Gears 5 is a special game for an immense amount of reasons. It is the first in the series to feature a woman as the main protagonist. It is the first to embrace an open world environment for most of its campaign. Gears 5 from start to finish is one of the biggest and greatest games to release in 2019.

Let’s take a look at what makes Gears 5 stand out among the legacy of the first trilogy, sans as many spoilers as possible.

What’s Old is New

Kait’s story is compelling and gripping. I was actually worried at first when the game opened and we were playing as J.D. Fenix that we had been bamboozled into thinking Kait was going to be featured for more than an act of the game as the playable character. That is thankfully not the case and as soon as players are able to play as Kait the game begins to flip the script so to speak and the game begins to truly break the Gears of War mold.

The first playable Kait level is absolutely massive and features new mechanics as well as optional missions for the first time in the series. These optional missions offer a deeper back end narrative for some of the universe’s characters, such as the missing couple from the last outpost not under COG control.

They also can grant players needed upgrades for Jack who can make all the difference in fights, especially on harder difficulties. Jack can be told to shock enemies, flash-bang them, bring you ammo, and so much more making it well worth the time to go do some of these extra missions.

Traversing these areas is also done in a newer way. Older games in the series had smaller driving sections but they didn’t allow the player to really explore the area. In Gears 5, players use a Skiff, a sort of mix of a sled/wind operated vehicle that glides around the environment.

The controls on it are exceptionally done and driving it around the map is easy and more importantly fun. The environments the player experiences are so well crafted and beautiful to look at I found myself stopping to just soak it in for a bit in between fights.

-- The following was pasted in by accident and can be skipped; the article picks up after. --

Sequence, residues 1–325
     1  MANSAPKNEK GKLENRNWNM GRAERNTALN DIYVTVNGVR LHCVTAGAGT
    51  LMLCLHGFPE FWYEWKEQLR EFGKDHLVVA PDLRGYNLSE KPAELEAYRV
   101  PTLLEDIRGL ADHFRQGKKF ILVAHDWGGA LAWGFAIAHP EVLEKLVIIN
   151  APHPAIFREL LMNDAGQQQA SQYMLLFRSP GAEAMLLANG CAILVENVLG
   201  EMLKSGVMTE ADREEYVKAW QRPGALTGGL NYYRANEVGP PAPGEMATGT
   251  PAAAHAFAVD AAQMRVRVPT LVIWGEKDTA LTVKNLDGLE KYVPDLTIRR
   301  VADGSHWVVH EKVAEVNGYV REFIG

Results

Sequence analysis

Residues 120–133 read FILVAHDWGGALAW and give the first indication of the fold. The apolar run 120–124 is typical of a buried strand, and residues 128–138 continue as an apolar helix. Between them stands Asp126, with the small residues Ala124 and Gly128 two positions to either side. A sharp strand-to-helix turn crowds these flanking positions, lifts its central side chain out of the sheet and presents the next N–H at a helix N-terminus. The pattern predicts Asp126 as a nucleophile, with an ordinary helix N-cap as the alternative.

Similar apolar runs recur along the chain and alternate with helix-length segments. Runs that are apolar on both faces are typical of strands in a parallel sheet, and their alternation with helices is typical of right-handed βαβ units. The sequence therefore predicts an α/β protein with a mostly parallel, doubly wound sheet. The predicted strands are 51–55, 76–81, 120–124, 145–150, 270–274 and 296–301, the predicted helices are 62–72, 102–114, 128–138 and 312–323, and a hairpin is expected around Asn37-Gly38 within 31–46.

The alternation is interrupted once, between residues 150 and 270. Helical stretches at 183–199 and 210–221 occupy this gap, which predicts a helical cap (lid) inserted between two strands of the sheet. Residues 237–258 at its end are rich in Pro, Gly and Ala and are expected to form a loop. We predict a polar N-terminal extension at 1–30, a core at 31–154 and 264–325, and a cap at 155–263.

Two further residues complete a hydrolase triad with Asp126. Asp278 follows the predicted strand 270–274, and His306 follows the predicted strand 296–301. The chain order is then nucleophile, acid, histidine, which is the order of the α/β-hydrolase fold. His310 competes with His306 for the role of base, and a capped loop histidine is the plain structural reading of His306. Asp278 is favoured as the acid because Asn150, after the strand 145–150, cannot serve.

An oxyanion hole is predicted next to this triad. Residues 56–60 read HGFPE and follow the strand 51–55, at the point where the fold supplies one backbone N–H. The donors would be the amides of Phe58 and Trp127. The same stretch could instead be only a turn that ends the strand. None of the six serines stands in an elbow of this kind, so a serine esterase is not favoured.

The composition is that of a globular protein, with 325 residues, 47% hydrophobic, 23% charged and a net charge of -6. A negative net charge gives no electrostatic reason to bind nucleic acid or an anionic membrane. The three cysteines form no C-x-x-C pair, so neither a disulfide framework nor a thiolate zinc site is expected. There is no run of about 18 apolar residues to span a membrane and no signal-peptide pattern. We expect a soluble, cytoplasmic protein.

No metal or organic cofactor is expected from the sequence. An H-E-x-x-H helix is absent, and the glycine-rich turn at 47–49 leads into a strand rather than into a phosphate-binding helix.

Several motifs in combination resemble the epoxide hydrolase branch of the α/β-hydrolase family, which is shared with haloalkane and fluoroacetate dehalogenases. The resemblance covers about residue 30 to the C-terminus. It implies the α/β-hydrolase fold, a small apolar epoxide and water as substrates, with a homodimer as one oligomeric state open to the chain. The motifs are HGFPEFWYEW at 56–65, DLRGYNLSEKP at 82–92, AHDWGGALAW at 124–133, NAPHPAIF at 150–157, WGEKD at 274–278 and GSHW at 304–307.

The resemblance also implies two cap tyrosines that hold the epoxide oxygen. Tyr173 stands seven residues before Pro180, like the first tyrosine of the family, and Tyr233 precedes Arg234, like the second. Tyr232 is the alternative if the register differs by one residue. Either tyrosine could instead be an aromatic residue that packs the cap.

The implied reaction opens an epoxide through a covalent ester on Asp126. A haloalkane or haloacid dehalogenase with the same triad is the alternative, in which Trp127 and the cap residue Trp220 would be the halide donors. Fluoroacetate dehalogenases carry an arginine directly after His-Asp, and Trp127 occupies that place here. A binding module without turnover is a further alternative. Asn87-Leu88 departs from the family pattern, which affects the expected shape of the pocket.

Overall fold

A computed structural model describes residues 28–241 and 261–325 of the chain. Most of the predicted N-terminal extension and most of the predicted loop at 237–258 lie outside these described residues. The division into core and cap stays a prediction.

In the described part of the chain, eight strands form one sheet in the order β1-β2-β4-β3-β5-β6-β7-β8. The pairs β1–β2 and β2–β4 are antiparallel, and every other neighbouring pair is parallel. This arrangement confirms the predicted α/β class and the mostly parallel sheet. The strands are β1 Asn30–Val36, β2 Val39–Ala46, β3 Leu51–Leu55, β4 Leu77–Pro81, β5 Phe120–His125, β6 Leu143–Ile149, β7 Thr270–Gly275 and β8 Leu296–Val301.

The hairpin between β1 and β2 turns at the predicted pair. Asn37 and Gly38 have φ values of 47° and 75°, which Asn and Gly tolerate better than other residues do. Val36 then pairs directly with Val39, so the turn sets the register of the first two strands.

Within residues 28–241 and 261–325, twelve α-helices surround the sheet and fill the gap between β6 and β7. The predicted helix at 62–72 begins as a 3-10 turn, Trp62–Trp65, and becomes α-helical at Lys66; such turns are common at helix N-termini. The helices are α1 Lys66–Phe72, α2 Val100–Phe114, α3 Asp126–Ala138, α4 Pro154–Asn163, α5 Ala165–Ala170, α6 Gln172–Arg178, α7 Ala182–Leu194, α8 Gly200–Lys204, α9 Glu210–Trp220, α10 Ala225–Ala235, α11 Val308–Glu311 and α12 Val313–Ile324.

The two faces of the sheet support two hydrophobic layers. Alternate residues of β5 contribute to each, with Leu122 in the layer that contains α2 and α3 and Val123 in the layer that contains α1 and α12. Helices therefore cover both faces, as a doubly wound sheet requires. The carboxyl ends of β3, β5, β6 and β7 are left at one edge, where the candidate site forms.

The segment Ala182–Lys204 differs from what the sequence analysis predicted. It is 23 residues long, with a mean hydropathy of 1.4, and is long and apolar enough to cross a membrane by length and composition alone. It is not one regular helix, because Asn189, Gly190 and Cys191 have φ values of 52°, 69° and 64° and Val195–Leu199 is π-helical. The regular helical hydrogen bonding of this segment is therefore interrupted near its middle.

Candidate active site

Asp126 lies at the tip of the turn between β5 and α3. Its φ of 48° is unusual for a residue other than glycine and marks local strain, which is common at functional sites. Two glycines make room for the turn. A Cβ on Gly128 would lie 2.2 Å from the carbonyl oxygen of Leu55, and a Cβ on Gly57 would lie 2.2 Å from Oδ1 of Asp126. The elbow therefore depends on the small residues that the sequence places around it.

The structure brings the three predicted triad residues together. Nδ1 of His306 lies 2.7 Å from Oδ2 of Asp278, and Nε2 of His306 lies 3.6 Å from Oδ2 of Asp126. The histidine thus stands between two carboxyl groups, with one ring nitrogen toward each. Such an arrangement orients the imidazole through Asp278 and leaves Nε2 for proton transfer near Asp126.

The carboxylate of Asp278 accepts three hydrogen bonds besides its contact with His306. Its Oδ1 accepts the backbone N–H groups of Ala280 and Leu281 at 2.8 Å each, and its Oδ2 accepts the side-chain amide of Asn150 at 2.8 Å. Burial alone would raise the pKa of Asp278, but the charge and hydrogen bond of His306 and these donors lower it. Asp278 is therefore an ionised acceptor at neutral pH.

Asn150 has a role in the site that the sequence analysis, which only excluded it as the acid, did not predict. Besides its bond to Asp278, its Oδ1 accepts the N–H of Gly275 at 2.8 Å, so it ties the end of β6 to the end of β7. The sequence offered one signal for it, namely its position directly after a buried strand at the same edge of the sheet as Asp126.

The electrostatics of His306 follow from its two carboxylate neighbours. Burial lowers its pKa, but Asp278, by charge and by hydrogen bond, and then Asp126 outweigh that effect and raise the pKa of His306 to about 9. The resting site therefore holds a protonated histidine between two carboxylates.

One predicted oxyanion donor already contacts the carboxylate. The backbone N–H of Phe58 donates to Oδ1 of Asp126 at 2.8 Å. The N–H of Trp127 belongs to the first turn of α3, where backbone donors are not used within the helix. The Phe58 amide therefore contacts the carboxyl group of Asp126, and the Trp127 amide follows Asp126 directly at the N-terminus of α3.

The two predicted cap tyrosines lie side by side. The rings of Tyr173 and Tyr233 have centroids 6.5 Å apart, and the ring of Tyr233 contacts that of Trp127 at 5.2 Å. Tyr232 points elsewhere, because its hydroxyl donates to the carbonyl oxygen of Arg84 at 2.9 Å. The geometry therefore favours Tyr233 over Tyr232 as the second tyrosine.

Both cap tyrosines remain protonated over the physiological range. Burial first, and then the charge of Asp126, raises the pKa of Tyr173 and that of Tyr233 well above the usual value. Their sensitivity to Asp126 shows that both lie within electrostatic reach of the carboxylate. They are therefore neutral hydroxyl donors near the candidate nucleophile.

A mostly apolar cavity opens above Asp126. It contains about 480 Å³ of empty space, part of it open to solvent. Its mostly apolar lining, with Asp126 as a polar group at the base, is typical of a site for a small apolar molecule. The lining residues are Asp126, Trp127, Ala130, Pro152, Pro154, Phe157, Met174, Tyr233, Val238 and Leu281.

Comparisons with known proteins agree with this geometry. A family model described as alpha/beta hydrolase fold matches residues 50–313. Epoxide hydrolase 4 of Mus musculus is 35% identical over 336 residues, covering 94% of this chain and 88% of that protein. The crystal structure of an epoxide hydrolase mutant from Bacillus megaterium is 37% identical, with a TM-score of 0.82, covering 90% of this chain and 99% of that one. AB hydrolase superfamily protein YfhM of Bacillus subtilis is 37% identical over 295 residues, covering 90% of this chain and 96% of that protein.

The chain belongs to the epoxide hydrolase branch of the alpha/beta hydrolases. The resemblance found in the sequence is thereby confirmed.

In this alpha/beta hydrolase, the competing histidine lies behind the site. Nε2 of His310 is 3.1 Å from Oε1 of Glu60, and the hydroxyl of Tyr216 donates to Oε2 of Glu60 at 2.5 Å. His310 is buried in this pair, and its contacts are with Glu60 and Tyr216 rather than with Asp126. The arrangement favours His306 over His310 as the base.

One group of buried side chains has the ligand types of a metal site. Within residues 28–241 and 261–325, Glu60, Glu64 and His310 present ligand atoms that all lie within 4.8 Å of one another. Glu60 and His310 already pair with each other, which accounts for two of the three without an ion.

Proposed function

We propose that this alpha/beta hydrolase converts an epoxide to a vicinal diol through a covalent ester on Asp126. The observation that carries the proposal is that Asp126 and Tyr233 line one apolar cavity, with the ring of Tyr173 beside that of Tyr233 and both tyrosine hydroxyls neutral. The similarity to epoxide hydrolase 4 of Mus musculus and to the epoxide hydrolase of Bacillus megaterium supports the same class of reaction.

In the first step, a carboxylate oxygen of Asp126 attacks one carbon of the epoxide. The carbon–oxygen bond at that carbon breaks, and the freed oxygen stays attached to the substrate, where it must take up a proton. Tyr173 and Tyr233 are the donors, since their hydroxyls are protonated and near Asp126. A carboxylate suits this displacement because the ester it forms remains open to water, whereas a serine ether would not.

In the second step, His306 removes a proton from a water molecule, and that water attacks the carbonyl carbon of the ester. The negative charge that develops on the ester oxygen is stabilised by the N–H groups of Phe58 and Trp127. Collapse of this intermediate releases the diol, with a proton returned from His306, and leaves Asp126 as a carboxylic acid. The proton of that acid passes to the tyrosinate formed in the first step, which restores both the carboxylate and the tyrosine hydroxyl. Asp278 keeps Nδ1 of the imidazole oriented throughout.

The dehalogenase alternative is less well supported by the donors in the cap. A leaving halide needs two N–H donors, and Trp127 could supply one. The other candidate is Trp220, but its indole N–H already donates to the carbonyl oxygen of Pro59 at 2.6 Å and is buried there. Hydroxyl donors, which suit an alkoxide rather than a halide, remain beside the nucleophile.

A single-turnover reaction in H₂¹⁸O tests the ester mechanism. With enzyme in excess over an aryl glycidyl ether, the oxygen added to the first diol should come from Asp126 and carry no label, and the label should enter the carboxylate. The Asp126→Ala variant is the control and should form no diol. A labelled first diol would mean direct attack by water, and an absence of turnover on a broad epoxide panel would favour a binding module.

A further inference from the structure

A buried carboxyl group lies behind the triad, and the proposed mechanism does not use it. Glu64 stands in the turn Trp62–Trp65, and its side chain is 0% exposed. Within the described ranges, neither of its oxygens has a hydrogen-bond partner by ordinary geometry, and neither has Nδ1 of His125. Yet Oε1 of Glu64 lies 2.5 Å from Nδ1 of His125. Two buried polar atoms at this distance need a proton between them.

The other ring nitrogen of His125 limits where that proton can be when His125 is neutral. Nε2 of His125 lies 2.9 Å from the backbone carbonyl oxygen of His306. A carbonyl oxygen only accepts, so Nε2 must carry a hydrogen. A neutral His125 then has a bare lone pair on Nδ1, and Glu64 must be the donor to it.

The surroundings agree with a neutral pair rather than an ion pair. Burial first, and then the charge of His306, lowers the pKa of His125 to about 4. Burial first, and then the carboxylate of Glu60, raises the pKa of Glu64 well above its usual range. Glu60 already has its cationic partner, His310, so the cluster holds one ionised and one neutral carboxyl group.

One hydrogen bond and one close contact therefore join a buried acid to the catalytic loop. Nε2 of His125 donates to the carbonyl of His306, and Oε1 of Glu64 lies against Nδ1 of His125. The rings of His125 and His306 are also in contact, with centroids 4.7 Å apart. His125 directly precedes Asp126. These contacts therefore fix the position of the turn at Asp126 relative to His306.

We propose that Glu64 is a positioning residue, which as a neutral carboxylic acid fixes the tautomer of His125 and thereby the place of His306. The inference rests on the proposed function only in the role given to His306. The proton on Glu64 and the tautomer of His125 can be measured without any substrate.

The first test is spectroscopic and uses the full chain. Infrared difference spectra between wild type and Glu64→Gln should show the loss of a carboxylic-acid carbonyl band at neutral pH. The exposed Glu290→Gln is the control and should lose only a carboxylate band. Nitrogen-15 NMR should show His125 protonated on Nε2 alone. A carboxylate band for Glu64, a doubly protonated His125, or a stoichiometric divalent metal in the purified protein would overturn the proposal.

Punch in the Emotions

Gears 5 tells a rewarding and fulfilling section to the new trilogy The Coalition is crafting. Most of the game is spent as Kait trying to figure out what is happening to her. During that the plot takes turns that long-time fans of the series will find incredible. A location from the second game is revisited and the information that is given during the sequence is so satisfying and connects to the original trilogy making this one of the most wonderfully crafted sagas to date.

The location is not known to Kait and Del but players who remember the phrase New Hope will immediately start connecting the dots and seeing Kait and Del learn what the player knows as well as introducing the new information is a superb experience.

One of the aspects that are fleshed out during the game is Kait’s connection to the hive mind of The Swarm. At one point her uncle’s village is under siege from The Swarm. Kait is nabbed by a Snatcher and while inside of it the player is forced into the Swarm’s perspective and players can fight momentarily for the enemy. In my case though I still shot at The Swarm.

The tie that bound her was meant to make her the new queen very similarly to her grandmother’s run as the Queen of The Locust. Kait and the player manage to sever that tie. Kait’s main tie seemed to be with this beserker referred that was essentially a mother hub. This boss fight is one of the best-crafted ones in the game as this monster was previously only killed by a giant sky laser known as the Hammer of Dawn. So finding a new way to kill this one makes it such a rewarding and challenging fight.

This game also has a way of showing Kait having these internal struggles against the connection to the hive. More often than not trying to manipulate her emotions and make her think everyone is against her and that she should just give in. They get more and more aggressive and Kait fighting against them made her such a relatable and stand out character.